Giving the Fish a Break
Gaining the support of fisherfolk for fish stock recovery in Ghana
Illegal fishing and inadequate management of Ghana’s fish industry over the years has led to depleted fish stocks, threatening fisherfolk’s livelihoods, their communities’ food security, and the ocean’s biodiversity. The sector has been brought to the verge of collapse.
To allow Ghana’s fisheries a time to replenish, in 2018 the government began enforcing a nationwide month-long fishery closure, coinciding with the time of year when the Atlantic’s small pelagic fish — sardines, mackerel, and anchovies — typically spawn.
These fish species, often referred to as “the people’s fish,” have been an affordable protein source for most Ghanaians, playing a crucial role in maintaining good nutrition and health. Maintaining a healthy fish supply is especially important at a time when food prices in Ghana have risen 30% over the last year.
However, the seasonal closure didn’t go over well when it was first announced by Ghana’s Ministry of Fisheries and Aquaculture Development. Coastal communities responded en masse with a boycott of the initiative. Fisherfolk clearly needed to be involved for the new policy to succeed.
“Nobody was prepared for the first closure in 2018,” said Nana Jojo Solomon, president of the Ghana National Canoe Fishermen Council, an organization that advocates for some 3 million people who depend on artisanal canoe fishing to make a living. “Fisherfolk did not have any alternative work lined up and could not suddenly stop fishing for a whole month. So we complained, and then we boycotted.”
Solomon and his organization have partnered with USAID since 2014 to improve the sustainability of fishery management. As its leader, Solomon is in a unique position to disseminate information to fisherfolk and to articulate the issues affecting canoe fishers to government leaders.
“Fisherfolk are born and bred on the beaches and all they know is fishing in canoes. They do not want to travel to the capital city of Accra,” he explained.
In 2017, USAID crafted Fisher-to-Fisher Dialogues, an innovative approach to engage fisherfolk to discuss fisheries issues and strengthen political will towards sustainable fisheries management. Through the dialogues, fisherfolk have learned fisheries best practices and raised their awareness about fishery management regulations being promoted by the government.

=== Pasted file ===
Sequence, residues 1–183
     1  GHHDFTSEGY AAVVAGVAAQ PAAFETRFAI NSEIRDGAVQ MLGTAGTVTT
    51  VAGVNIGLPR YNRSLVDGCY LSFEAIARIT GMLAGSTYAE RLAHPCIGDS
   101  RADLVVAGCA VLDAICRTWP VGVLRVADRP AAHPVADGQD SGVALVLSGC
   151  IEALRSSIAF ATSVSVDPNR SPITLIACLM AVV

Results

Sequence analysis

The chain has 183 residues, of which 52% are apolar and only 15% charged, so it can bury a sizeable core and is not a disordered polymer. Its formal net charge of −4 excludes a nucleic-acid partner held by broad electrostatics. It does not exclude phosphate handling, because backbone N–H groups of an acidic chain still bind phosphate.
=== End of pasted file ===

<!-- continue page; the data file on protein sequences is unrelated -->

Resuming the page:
“The Fisher-to-Fisher engagements helped us to understand the state of our stocks and the science behind season closures,” said Togbui Seth Kedey, a canoe owner and chief fisherman from Ghana’s Volta Region.
The dialogue methodology also gives the fishing communities a platform to voice their opinions and concerns about how regulations are rolled out. The dialogues are proving that a grassroots approach can be effective, and if policy information is spread from the bottom-up, the chances for success are much higher.
Thanks to the dialogues, fishing communities are no longer caught by surprise by the seasonal closure each July.
“During the closures, we rest and mend our canoes and nets,” Kedey said. “I also work on my onion farm to earn some income. With closed seasons and measures to stop illegal fishing, I believe we can recover our fish stocks.”
Since 2014, USAID has supported the improved fishery policies and regulations, and helped to boost the ecological recovery and growth of fish stocks in small fishing villages and landing sites through the Feed the Future Ghana Fisheries Recovery Activity. Feed the Future is the U.S. Government’s global hunger and food security initiative.
Under sustainable fisheries management, which includes seasonal closures, Ghana can expect to see its fish stocks increase from 10,000 metric tons in 2017 to over 90,000 metric tons in 2030, valued at US$25 million, according to the Science and Technical Working Group created under USAID funded programming.
During the 2022 seasonal closure, the program carried out a canoe survey to register and license Ghana’s estimated 15,000 artisanal canoe fleet. A reliable canoe database helps the government determine the ecological carrying capacity of small pelagic fisheries and helps Ghana’s leaders develop strategies to regulate access to the fishery.
“Now we know we can use the same Fisher-to-Fisher Dialogues methodology to reach fisherfolk with awareness about overfishing, and why we should change our attitudes and behaviors to sustain an industry that might not always be reliable,” Solomon said.
“We can target the youth and push them towards additional livelihoods, and reduce the stress on the marine capture fishery.”
About the Author
Perfectual Labik is the communications specialist on the Feed The Future Ghana Fisheries Recovery Activity implemented by Tetra Tech, and Nico Parkinson is a communications specialist with TetraTech ARD who writes about conservation, environment, and land tenure issues.